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December 20, 2004.


The opinion of the court was delivered by: ARTHUR SPATT, District Judge


The claims of the Plaintiff Aleksandr Furman's ("Furman" or the "Plaintiff") against the United States Postal Service ("USPS"), Clarence Robinson ("Robinson"), the City of Long Beach ("Long Beach"), and Ronald L. Paganini ("Paganini") arise out of a collision that allegedly occurred on July 22, 2002 involving a motor vehicle owned by Long Beach and a USPS motor vehicle operated by Robinson.

Presently before the Court is a motion by the USPS and Robinson pursuant to Rule 12(b)(1) and Rule 12(b)(6) of the Federal Rules of Civil Procedure ("Fed.R.Civ.P.") to dismiss the complaint for lack of subject matter jurisdiction and for failure to state a claim.


  According to the Complaint, on July 22, 2002, Robinson, an employee of the USPS, while operating a USPS vehicle, collided with a Long Beach transit bus that was operated by Ronald L. Paganini. Furman was a passenger in the bus and alleges that as a result of this accident he suffered serious injuries as defined by New York Insurance Law ยง 5102(d) and economic losses.

  The Plaintiff, through his attorney Guy R. Vitacco, Esq., filed an administrative claim with the USPS by submitting a Standard Form 95 dated September 12, 2002 (the "SF-95"). In the SF-95, the Plaintiff claimed that he sustained "serious, severe and permanent injuries" as a result of the July 22, 2002 accident and requested damages in the amount of $350,000.

  By letter dated September 23, 2002, Robert Ural, an Accident/Claims Investigator for the USPS, acknowledged receipt of the Plaintiff's claim and advised Vitacco that he must substantiate his claim in accordance with Paragraph (a) of the "Instructions" section on the Standard Form 95 ("Paragraph (a)"). Paragraph (a) states:
In support of the claim for personal injury or death, the claimant should submit a written report by the attending physician, showing the nature and extent of injury, the nature and extent of treatment, the degree of permanent disability, if any, the prognosis, and th period of hospitalization, or incapacitation, attaching itemized bills for medical, hospital, or burial expenses actually incurred.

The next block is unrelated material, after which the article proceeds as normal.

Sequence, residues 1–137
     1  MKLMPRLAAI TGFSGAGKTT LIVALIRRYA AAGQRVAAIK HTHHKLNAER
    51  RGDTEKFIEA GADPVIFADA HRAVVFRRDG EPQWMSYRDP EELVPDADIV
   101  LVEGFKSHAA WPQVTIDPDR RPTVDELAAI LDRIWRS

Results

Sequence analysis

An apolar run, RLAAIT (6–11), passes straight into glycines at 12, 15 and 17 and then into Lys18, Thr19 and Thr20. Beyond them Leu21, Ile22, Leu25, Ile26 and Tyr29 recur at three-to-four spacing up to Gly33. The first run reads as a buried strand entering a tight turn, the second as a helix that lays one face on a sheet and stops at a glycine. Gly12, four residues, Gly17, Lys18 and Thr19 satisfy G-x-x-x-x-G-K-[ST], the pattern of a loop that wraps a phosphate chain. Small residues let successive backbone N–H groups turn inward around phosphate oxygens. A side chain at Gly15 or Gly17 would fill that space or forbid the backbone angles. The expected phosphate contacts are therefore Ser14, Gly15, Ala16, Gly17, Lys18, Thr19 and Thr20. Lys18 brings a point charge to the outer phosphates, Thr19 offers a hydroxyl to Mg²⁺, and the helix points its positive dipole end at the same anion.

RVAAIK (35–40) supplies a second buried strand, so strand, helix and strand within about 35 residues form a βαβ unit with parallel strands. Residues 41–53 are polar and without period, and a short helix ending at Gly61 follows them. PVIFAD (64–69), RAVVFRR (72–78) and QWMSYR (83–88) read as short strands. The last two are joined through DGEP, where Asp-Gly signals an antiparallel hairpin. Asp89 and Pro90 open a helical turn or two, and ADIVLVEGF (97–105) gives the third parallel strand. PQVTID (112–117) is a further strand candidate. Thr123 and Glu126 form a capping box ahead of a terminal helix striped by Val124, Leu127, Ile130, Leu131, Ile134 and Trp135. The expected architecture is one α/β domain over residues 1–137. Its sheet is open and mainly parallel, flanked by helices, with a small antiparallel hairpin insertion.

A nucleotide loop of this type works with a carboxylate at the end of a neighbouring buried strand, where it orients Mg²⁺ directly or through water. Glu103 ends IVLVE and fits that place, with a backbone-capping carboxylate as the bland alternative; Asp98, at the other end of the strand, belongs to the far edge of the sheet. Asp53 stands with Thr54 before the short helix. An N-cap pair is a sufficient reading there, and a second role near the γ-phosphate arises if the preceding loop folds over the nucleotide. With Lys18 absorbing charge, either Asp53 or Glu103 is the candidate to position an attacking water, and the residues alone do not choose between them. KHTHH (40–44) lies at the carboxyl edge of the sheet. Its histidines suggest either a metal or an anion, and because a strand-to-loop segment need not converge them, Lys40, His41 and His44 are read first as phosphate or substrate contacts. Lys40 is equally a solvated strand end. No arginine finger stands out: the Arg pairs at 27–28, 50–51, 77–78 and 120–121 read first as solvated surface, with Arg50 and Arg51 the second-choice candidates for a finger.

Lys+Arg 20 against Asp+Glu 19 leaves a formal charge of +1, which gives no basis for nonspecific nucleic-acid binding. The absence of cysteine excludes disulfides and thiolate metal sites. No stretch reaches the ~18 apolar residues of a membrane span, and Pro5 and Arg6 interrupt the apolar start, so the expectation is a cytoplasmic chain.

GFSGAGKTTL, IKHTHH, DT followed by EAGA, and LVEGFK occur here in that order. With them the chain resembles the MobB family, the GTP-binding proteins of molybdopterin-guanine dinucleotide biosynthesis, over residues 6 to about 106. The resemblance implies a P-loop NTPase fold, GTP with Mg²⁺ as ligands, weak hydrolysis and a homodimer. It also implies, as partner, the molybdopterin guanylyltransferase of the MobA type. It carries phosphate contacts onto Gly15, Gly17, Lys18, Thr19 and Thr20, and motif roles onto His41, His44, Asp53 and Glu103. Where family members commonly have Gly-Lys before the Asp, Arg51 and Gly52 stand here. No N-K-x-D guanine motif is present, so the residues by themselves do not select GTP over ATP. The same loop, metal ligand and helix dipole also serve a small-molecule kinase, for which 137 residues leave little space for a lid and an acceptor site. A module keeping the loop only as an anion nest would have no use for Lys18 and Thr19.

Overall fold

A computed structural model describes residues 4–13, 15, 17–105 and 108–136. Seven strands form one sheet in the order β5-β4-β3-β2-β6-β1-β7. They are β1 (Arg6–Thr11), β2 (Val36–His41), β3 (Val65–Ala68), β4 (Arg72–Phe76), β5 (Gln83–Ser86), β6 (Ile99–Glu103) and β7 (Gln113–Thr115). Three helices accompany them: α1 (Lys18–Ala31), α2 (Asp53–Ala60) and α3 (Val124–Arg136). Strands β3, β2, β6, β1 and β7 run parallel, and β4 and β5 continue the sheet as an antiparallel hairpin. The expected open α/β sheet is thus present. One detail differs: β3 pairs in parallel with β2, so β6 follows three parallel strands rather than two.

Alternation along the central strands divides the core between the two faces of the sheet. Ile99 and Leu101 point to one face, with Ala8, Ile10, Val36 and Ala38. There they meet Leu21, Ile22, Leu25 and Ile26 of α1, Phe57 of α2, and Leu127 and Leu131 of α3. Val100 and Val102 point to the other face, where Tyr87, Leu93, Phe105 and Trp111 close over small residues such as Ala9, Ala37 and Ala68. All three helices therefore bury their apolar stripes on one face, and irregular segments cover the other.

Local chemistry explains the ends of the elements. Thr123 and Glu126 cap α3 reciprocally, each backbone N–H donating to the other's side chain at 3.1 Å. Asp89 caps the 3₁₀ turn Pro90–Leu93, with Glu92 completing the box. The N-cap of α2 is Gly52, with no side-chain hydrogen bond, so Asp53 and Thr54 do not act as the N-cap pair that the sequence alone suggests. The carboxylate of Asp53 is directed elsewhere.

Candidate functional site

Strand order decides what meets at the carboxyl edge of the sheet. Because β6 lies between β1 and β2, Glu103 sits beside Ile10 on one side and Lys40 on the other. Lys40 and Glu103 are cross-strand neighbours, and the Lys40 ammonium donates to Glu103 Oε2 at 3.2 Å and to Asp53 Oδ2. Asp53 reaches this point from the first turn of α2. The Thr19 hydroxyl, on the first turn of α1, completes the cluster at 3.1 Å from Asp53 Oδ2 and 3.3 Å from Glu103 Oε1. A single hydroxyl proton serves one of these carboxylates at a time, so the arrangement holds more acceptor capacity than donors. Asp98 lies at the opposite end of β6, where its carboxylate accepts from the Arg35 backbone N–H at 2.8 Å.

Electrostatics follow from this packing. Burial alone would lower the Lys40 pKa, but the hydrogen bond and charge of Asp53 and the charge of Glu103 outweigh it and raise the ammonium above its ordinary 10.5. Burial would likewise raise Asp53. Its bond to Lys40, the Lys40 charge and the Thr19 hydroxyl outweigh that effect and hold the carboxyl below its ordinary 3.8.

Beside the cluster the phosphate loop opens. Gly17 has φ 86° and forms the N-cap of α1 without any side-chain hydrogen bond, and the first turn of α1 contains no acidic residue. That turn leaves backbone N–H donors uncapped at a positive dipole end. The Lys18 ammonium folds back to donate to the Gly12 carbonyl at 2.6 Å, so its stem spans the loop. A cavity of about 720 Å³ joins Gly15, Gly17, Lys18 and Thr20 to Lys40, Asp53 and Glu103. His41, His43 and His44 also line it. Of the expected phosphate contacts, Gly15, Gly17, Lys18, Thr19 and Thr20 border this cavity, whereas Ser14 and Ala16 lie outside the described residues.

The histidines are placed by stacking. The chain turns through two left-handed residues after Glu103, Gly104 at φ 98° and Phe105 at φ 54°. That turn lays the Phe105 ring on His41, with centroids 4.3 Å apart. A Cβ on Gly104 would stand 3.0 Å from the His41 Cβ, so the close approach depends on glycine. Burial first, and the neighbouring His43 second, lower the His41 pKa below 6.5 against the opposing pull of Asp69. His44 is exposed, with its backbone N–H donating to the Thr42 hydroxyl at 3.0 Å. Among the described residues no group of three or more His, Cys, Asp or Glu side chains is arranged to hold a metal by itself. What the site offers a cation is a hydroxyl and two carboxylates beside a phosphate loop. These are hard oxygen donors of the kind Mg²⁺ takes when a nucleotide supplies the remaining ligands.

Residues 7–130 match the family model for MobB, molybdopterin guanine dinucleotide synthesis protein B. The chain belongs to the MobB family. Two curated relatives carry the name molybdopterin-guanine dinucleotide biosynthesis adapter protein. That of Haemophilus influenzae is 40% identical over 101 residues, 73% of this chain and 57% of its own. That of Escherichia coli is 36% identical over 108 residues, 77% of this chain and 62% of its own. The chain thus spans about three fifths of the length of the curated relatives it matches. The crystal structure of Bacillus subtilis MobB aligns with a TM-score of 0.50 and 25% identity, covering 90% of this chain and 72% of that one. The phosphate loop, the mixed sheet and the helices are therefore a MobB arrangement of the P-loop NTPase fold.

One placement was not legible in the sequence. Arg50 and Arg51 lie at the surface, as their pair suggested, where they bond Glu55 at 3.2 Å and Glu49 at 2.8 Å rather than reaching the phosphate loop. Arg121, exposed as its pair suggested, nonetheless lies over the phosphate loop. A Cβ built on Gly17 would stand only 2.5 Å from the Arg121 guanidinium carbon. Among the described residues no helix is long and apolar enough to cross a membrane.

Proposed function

The September 23, 2002 letter also indicated that "incomplete or incorrectly submitted forms, bills, etc. will cause delay in adjudication of the claim. You are therefore advised to exercise extreme care in completion of said forms." The Plaintiff did not respond or provide any documentation in response to this letter.

  By letters dated May 15, 2003 and June 27, 2003, the USPS further advised Vitacco of the need to provide medical reports, itemized medical bills, and wage loss statements. The June 27, 2003 letter also advised the Plaintiff that Paragraph (a) must be complied with before the claim can be considered for adjudication. This letter further warned that if the Plaintiff does not submit the requested materials within 21 days from the date of the letter, the USPS will be unable to properly evaluate the claim and will have no recourse but to issue a denial. By letter dated July 18, 2003, the USPS denied the Plaintiff's claim because it did not receive the requested information.

  On July 28, 2003, the Plaintiff commenced the instant action. Thereafter, ten months later, on May 24, 2004, Vitacco mailed to the USPS, by certified mail, return receipt requested, copies of the Plaintiff's medical records and medical bills regarding the incident in question. The mailing records indicate that these documents were received by the USPS on June 4, 2004.


  1. Standard of Review for a Motion to Dismiss

  a. Rule 12(b)(1)

  When considering a motion to dismiss for lack of subject matter jurisdiction under Rule 12(b)(1), the Court may consider affidavits and other materials beyond the pleadings to resolve jurisdictional questions. See Robinson v. Gov't of Malaysia, 269 F.3d 133, 141 n. 6 (2d Cir. 2001). Under Rule 12(b)(1), the court must accept as true all material factual allegations in the complain but will not draw inferences favorable to the party asserting jurisdiction. See Shipping Fin. Servs. Corp. v. Drakos, 140 F.3d 129, 131 (2d Cir. 1998). Hearsay statements contained in the affidavits may not be considered. See Kamen v. AT&T, 791 F.2d 1006, 1011 (2d Cir. 1986).

  The party asserting jurisdiction has the burden of pleading and proving compliance with the procedural requirements of the FTCA. In re Agent Orange Product Liability Litigation, 818 F.2d 210, 214 (2d Cir. 1987). Absent sufficient proof by the ...

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